Wednesday, October 10, 2012

Edwardian Era Fashion Plate - December 1901 The Delineator

Edwardian Era Fashion Plate - December 1901 The Delineator

Figure 234B - Ladies' Evening Toilette - A waist and skirt are here united.

An artistic result is attained in this smart gown by the association of canary-colored Lansdowne, chiffon and lace, with garniture of chiffon ruches and ruffles and bands of applique. The bodice, for which the material was tucked and cut to give a diagonal direction, has a softly blousing front and backs that close at the centre and have slight fulness at the bottom. Low, square outline identifies the neck, and at the front an ornamental section is arranged. Roses are artistically grouped at the left of the corsage. Elbow sleeves in which openings are made to permit the arm to show are introduced, and a graduated frill gives completion. A ribbon belt is worn. A yoke facing may be arranged on the lining if a high-necked bodice be desired, and the sleeves may be in full length.

The skirt is a very graceful design in evening train length. It is of circular shaping, with a seam at the centre of the habit back. A narrow panel is introduced in the front, and over it is arranged an accordian-plaiting of the chiffon. A graduated, circular flounce is another feature, and the skirt is also adapted for sweep or round length. The new sloping dip is given.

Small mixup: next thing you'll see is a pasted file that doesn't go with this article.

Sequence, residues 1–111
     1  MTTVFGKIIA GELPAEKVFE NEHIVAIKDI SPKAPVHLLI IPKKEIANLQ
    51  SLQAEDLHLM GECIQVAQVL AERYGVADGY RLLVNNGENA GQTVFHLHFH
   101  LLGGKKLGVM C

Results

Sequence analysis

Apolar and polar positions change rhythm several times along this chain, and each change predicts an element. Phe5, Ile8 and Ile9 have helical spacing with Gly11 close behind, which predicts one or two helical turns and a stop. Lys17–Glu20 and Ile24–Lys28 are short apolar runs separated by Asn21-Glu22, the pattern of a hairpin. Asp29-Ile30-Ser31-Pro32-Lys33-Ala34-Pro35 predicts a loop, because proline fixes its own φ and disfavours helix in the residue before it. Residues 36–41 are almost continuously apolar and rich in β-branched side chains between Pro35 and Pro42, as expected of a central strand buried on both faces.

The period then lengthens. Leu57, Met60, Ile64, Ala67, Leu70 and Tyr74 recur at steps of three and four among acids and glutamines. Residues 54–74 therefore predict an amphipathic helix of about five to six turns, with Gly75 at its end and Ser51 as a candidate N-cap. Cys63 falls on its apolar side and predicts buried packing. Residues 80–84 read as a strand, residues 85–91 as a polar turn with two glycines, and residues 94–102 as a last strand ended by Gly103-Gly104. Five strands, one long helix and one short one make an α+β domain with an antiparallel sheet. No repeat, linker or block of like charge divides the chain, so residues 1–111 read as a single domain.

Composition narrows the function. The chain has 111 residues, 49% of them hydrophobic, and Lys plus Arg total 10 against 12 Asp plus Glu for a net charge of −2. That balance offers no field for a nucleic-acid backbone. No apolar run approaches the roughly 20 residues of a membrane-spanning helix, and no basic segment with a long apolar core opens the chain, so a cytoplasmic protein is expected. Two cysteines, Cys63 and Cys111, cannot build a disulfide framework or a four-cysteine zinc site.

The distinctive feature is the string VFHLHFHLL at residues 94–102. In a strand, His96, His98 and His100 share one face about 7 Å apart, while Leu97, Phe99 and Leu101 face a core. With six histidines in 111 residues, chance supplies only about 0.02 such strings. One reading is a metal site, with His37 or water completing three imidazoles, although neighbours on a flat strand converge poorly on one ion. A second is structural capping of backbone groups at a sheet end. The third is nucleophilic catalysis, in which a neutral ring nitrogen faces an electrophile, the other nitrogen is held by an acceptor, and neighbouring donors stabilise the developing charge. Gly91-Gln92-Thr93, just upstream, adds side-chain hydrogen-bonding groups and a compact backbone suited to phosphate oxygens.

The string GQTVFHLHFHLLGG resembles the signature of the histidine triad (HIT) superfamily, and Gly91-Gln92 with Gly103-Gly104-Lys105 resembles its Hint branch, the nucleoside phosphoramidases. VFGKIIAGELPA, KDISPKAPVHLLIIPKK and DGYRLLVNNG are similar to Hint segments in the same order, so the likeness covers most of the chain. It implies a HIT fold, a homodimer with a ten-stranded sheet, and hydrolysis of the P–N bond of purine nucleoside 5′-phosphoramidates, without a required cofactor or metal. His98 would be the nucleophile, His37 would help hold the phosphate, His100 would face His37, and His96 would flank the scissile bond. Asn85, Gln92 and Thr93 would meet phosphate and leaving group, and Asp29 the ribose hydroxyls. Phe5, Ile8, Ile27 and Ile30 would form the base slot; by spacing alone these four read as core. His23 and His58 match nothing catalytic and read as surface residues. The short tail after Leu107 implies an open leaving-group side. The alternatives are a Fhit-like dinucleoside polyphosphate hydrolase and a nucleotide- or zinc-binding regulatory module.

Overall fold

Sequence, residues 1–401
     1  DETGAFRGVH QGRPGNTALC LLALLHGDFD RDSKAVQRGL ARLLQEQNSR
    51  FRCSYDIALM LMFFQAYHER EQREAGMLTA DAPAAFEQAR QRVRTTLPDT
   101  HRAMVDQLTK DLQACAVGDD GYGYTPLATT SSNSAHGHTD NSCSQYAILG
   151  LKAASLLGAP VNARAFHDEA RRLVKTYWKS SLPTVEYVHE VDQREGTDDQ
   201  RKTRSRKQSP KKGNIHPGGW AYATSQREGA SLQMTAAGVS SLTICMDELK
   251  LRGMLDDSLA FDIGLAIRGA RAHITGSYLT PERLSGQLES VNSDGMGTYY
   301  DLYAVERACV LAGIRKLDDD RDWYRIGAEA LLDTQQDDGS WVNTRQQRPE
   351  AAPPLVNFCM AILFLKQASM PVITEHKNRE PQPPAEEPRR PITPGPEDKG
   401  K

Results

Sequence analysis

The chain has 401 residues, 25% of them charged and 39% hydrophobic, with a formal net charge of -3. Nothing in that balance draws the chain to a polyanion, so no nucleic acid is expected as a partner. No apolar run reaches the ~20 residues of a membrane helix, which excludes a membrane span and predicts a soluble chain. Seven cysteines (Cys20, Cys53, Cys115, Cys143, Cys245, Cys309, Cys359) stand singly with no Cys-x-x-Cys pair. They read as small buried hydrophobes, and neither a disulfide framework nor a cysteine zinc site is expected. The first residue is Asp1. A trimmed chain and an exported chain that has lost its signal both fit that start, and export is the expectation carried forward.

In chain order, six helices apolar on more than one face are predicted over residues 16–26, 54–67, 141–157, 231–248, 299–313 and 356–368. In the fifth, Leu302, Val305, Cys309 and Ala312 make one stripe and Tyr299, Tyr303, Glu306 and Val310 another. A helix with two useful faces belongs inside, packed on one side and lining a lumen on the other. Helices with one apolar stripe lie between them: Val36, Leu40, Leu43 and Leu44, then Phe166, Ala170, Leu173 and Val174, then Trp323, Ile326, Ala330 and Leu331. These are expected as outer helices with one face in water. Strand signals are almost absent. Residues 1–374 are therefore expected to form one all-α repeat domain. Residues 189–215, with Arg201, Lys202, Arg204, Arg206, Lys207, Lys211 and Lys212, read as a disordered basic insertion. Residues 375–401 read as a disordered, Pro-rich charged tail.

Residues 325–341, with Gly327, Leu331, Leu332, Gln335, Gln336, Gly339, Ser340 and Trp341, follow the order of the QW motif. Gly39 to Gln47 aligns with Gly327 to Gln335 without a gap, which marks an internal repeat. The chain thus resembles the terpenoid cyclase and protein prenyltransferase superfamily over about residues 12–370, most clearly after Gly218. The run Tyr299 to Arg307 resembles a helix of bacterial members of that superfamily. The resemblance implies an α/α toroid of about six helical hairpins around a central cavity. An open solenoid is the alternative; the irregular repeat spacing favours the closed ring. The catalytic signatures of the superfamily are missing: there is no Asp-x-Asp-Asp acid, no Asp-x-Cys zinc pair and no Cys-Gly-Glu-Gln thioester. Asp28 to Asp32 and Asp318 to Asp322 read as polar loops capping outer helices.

A handsome development would be in pistache-green Louisine, with Irish point trimmings; another would be pink-amethyst crepe de Chine and self-colored Cluny lace with chiffon or Liberty silk for rosettes. White mousseline de soie over white Swiss taffeta will produce a dainty gown for the debutante. A sash of white satin Liberty will give a pleasing touch, and white roses may be worn.

Figure 235B - Ladies' Opera Wrap - A stylish wrap for ladies is here shown.

For theatre, opera and other wear a handsome wrap is considered an absolute necessity by the modern woman. The preferred modes are loose fitting and may be easily slipped on and off without crushing the gown worn beneath. At this figure a smart wrap is shown made of heliotrope brocaded satin, lined and faced with ivory satin and decorated with strappings of narrow black velvet ribbon and small gilt buttons. The back is circular and is seamed under the arms to the fronts, which are rolled back all the way. The hood is an attractive feature, and the Bonaparte collar is high and protective. Turn-over cuffs distinguish the loose sleeves, and curving pocket-laps conceal side pockets inserted in the fronts. A jabot of cream-colored lace is arranged at the throat.

Cream-white brocaded satin with cloth-of-gold facings will make a handsome wrap, and further decoration may be had by employing an edge of fur on the collar, cuffs and front edges. A less elaborate conception would be in mode French broadcloth, with blue and white flowered satin for contrast. Ox-blood red cloth would also develop well, and Nile-green satin might be used for the lining with panne velvet for the collar, cuffs and facing.

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